It has one door and is not a place where many visitors just walk by the work; they will walk into the room and be able – undisturbed – to dwell there a bit. In addition to my installation, will be two artworks on the other walls.

– Room # 216 is about 20 sqm and looks longer here because the photo is from a virtual tour video. You notice the beautiful old beams in the ceiling and the stone floor.

I can’t wait to set up my installation in that room – actually, the very room in which Yoko Ono had her “Mirror Image” installation in 2017.

Perhaps Room # 216 will, from now on, be the permanent space of art for/with/to peace?

Here is a fine video about the Global Art Affairs (GAA) Foundation’s and the European Cultural Centre’s mission and exhibition philosophy, as told by their own staff:

February 19, 2019

Neither the photos nor the video here give an impression of the entire installation idea and how it should appear when set up at Palazzo Mora. My own studio space is only 260 cm, so I can’t fit it all on my own wall.

Also, the good people there need a layout/sketch to find a good place for it in that beautiful old palazzo.

So today I made two quick and rather bad drawings of the whole thing. My apologies for the poor quality of the lines, the quite incorrect proportions and my terrible handwriting.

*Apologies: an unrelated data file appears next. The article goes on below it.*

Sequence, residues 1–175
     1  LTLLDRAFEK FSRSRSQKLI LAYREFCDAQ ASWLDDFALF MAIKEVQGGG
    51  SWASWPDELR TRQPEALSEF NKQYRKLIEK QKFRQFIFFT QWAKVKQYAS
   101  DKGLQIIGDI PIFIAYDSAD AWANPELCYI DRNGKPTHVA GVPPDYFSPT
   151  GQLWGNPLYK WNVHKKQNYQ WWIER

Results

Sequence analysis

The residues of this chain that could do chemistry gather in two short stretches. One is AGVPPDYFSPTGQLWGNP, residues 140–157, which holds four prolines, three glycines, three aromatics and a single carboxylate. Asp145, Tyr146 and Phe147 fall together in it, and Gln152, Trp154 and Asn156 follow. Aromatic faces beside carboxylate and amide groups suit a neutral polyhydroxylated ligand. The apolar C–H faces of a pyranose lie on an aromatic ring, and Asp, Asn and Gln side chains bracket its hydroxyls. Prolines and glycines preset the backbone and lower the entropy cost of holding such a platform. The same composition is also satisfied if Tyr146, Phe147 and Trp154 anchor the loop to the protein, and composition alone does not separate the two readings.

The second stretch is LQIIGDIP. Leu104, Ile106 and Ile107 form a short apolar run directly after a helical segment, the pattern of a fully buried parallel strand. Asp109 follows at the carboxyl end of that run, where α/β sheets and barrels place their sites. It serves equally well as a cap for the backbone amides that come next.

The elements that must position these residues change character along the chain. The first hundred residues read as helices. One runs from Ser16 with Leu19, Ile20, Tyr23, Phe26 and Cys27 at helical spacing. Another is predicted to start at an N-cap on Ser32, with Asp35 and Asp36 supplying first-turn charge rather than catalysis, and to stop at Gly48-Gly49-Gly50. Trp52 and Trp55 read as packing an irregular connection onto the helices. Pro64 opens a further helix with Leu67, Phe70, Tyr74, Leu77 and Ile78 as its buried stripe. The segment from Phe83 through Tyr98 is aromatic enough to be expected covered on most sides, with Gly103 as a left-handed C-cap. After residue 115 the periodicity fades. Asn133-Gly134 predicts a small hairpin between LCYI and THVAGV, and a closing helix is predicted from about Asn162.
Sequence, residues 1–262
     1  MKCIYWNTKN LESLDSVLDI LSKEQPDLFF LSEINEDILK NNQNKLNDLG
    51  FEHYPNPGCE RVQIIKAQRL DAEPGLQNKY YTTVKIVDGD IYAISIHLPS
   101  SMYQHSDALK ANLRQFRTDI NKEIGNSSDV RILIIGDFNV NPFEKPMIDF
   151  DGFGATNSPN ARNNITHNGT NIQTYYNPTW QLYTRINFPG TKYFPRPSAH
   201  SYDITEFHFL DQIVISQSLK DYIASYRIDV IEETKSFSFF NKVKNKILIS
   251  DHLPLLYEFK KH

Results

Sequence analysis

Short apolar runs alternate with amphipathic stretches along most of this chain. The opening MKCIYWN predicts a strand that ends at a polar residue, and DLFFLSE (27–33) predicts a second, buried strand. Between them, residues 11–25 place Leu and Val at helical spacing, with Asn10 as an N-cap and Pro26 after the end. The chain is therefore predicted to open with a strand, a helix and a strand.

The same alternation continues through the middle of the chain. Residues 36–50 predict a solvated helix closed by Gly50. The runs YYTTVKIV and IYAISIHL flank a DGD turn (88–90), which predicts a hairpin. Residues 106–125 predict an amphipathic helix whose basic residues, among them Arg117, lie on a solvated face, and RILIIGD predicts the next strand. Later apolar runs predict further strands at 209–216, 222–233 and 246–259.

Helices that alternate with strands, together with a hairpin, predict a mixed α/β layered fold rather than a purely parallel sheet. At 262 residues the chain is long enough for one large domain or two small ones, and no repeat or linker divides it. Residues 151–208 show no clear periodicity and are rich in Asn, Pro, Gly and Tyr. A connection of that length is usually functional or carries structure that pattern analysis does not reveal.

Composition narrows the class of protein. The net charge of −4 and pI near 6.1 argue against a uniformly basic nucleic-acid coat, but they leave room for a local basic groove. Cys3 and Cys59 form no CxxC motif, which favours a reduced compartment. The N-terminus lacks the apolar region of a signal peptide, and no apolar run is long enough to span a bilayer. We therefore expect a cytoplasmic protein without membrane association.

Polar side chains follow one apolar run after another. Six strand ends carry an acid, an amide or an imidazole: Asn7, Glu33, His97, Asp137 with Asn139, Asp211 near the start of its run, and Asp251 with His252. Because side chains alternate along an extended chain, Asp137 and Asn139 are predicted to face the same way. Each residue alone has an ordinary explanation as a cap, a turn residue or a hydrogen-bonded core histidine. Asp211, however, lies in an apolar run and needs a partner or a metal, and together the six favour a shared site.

Front view: The four main panels, the podiums they rest on and the “paibians” on top
Side view: The wall, the podium, the back-leaning panels and, on top, the forward-learning “paibians”

February 14, 2019

Thanks to my friend and assistant, Séverine Renard, there is now a new, short video, about the SPAR project.

It illustrates the basic idea or “flow” of the photo-based, multimedia installation that I have been invited to create for the European Cultural Centre’s “Personal Structures – Open Borders” international exhibition.

Far from finished but will be shown at the beautiful Palazzo Mora in Venice in the context of the famous Venice Art Biennale from May 11 to November 24, 2019.

February 13, 2019

Spreading the message is part of the project – both because it is, at least to some extent, a work about peace and war and because I’d like other to know about my work. Most artists do!

Since even before I was in China, I’ve been fascinated with the multi-functional Chinese app WeChat which is so much more than a chat app. So I set myself up in 2016 there and all my Chinese and some Western friends are using it. So it is now a daily tool.

Thanks to my two dear young friends in Chengdu, Jenny Wei and Sarah Wu, I yesterday got the first Chinese-language article posted on my WeChat Public Account. About the SPAR project, of course.